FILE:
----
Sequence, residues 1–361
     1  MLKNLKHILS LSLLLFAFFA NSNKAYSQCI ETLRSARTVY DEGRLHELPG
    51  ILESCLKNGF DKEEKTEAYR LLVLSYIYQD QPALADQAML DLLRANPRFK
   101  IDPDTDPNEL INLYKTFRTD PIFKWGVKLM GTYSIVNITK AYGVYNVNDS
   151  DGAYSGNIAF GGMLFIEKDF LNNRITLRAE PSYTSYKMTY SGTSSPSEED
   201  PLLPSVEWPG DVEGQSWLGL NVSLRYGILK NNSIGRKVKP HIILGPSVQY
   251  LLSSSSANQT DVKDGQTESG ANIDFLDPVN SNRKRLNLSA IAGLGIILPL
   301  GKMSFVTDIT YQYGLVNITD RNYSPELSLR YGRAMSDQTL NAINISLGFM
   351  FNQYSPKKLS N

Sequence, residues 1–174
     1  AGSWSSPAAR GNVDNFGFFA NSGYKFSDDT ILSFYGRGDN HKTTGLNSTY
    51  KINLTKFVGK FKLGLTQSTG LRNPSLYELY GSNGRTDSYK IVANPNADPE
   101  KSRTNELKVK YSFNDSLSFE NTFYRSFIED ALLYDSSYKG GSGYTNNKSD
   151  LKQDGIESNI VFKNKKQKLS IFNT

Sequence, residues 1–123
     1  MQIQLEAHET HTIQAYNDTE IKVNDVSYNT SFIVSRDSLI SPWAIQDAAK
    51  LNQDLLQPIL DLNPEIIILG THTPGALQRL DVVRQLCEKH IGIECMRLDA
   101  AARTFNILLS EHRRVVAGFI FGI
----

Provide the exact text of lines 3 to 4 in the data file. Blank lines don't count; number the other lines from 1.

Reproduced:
    51  ILESCLKNGF DKEEKTEAYR LLVLSYIYQD QPALADQAML DLLRANPRFK
   101  IDPDTDPNEL INLYKTFRTD PIFKWGVKLM GTYSIVNITK AYGVYNVNDS